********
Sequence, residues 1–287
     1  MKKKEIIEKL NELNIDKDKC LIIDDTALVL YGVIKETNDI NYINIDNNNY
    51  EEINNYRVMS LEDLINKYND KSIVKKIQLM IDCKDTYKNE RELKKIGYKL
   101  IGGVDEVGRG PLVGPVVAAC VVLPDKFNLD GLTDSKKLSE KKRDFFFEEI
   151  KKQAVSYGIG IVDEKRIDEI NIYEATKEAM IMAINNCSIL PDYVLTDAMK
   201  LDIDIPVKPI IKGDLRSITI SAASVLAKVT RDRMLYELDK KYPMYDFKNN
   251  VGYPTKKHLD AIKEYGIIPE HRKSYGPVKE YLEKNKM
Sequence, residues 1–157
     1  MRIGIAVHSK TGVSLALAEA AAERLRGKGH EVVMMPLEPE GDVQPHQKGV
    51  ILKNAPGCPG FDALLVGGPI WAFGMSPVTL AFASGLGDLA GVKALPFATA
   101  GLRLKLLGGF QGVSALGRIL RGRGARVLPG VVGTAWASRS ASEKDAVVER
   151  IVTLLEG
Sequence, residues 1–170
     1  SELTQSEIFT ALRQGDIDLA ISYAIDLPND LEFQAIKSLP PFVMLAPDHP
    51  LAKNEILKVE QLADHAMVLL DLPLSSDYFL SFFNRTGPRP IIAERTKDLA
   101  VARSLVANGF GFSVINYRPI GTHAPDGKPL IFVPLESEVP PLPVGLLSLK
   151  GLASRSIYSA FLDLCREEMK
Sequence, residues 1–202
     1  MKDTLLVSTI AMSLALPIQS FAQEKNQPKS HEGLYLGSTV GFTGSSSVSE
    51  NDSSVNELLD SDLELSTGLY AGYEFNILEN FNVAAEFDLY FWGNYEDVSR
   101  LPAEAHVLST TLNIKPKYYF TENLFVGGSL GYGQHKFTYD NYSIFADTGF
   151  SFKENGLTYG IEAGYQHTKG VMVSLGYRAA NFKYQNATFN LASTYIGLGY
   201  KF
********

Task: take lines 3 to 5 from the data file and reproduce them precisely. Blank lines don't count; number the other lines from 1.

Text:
    51  EEINNYRVMS LEDLINKYND KSIVKKIQLM IDCKDTYKNE RELKKIGYKL
   101  IGGVDEVGRG PLVGPVVAAC VVLPDKFNLD GLTDSKKLSE KKRDFFFEEI
   151  KKQAVSYGIG IVDEKRIDEI NIYEATKEAM IMAINNCSIL PDYVLTDAMK